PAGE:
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SDSU researchers develop AI-powered model to predict stock market trends

New York Stock Exchange
Two South Dakota State University researchers are using artificial intelligence modeling to help predict stock price movement and volatility — key aspects in understanding any financial market. The New York Stock Exchange, pictured above, is one of the world's most closely followed financial markets and a notoriously difficult market to predict with sustained accuracy. (Photo via the Library of Congress)

Can artificial intelligence tools help predict stock price movement and volatility?

Two South Dakota State University researchers believe so. Kaiqun Fu, assistant professor in SDSU's Department of Electrical Engineering and Computer Science, and Yangxiao Bai, a graduate research assistant, have developed an AI-powered model that anticipates stock price movement and stock market volatility trends.

Kaiqun Fu

Introduced as "ALERTA-Net," their model is a deep neural network that integrates macroeconomic data, search engine data and social media data — the first of its kind to do so.

"To the best of our knowledge, this is one of the early attempts to use the combination of social media, macroeconomic data and search engine information to predict both stock price movement and volatility," Fu said.

U.S. stock exchanges are some of the most closely watched financial markets in the world and serve as a major indicator of a country's economic well-being. They are also extremely difficult to predict with sustained accuracy. In terms of stock market research and predictions, two primary methods exist: technical analysis and fundamental analysis.

Technical analysis relies on past stock prices to predict future trends. Fundamental analysis utilizes external information and data. According to Fu and Bai, both methods have flaws that cause them to miss key stock market indicators.

"Technical analysis heavily depends on historical data, which can sometimes overlook sudden market changes due to unexpected events," Fu said. "Assuming uniformly rational market behavior, this method can inadvertently create an echo chamber. This effect can cause trading signals to amplify themselves, eventually becoming disconnected from the actual economic context."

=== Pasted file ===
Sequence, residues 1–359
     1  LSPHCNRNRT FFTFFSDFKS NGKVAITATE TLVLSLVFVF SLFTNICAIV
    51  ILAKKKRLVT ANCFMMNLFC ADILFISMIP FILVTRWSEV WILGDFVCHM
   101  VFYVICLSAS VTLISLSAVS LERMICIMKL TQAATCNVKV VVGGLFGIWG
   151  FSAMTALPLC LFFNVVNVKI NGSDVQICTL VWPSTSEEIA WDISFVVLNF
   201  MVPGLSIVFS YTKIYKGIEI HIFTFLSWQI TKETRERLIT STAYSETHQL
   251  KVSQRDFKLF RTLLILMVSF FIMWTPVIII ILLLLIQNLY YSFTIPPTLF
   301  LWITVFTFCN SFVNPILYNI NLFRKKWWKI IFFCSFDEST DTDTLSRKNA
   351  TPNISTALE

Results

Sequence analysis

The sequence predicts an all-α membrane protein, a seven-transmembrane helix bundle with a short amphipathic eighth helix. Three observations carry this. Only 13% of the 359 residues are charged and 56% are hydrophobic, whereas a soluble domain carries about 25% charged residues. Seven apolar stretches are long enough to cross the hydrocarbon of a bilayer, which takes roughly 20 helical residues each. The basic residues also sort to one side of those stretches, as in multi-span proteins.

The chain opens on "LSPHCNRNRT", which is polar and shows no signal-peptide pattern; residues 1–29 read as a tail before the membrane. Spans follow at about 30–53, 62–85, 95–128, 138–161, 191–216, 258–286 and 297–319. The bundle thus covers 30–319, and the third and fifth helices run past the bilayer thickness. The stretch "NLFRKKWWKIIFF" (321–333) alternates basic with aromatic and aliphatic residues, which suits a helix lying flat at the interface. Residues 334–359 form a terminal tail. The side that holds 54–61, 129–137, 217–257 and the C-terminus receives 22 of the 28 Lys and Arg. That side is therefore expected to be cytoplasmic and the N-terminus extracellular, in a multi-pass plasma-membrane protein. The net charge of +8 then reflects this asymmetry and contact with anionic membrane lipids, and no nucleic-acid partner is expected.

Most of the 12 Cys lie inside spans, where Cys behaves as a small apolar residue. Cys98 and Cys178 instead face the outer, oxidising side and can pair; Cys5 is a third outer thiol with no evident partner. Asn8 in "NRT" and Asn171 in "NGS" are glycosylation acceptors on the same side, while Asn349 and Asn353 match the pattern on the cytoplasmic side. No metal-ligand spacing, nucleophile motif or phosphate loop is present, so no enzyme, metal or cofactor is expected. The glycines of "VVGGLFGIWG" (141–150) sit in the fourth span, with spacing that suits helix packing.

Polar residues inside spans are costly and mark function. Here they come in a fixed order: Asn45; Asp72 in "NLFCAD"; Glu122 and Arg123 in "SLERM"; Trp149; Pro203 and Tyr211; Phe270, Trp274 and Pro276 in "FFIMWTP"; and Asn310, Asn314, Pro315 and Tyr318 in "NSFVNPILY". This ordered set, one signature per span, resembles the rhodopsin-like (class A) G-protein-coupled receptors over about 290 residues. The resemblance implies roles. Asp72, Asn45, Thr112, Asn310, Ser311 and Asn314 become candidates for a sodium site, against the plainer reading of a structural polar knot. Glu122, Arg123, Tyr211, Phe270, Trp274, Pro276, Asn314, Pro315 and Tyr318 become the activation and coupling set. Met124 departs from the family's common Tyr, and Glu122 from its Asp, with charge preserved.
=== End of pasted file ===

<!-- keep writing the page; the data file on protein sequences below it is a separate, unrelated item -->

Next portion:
Fundamental analysis, on the other hand, tends to focus on the financial markets and often neglects the symbiotic relationship between the broader economy and the stock market. However, it still takes a more comprehensive approach than technical analysis.

"Existing models mainly center on forecasting trend shifts and often neglect the importance of the scale of these changes," Fu said. "In the realm of stock behavior, the magnitude of these shifts holds significant weight."

To build this multi-layered, comprehensive prediction model, the research team — which included faculty members from Virginia Tech and Texas A&M University-Corpus Christi —selected 41 "blue-chip" stocks from the Global Industry Classification Standard. Fu and Bai then incorporated their expertise in social media information retrieval, a process that utilizes deep learning, an AI method, to gather and read large swaths of posts.

Data was sourced from Yahoo Finance, which charted the trajectory of the 41 stocks over a three-year period. The social media platform X, formerly known as Twitter, was used to source the social media posts. More than 7 million tweets that discussed the 41 different stocks were gathered, analyzed and included in the model.

"We recognize the significant influence Twitter volume has on stock trading," Fu said. "We ensured that our model's input parameters included the sentimental analysis of individual tweets and daily count of processed Twitter posts."

Historical data from the Federal Reserve was also inputted into the model.

The model's results show it performed better — in terms of accuracy — than DP-LSTM, a renowned stock movement prediction network, as well as other baseline prediction models.

"Our study revealed that incorporating macroeconomic data significantly enhances the predictive capabilities of the model for stock movement and volatility to varying degrees," Fu said.

This is just the beginning for Fu's and Bai's work, as they will continue to experiment with new inputs and data sources to improve the model's accuracy. Fu theorizes the model could become even more accurate by integrating audio and video sources. Further, he believes this type of modeling has applications far beyond the stock market.

"This type of modeling could help us predict traffic wait times on crowded interstates, for example," Fu said. "The applications to this type of work are immense."